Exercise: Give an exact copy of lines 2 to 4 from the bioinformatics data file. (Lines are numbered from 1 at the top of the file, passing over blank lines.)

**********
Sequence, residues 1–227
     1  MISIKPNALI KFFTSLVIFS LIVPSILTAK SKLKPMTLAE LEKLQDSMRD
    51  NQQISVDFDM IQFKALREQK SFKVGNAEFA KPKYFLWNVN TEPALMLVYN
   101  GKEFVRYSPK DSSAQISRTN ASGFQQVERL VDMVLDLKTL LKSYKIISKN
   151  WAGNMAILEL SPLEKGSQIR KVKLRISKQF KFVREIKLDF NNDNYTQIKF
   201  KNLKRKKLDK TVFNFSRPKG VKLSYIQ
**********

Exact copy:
     1  MISIKPNALI KFFTSLVIFS LIVPSILTAK SKLKPMTLAE LEKLQDSMRD
    51  NQQISVDFDM IQFKALREQK SFKVGNAEFA KPKYFLWNVN TEPALMLVYN
   101  GKEFVRYSPK DSSAQISRTN ASGFQQVERL VDMVLDLKTL LKSYKIISKN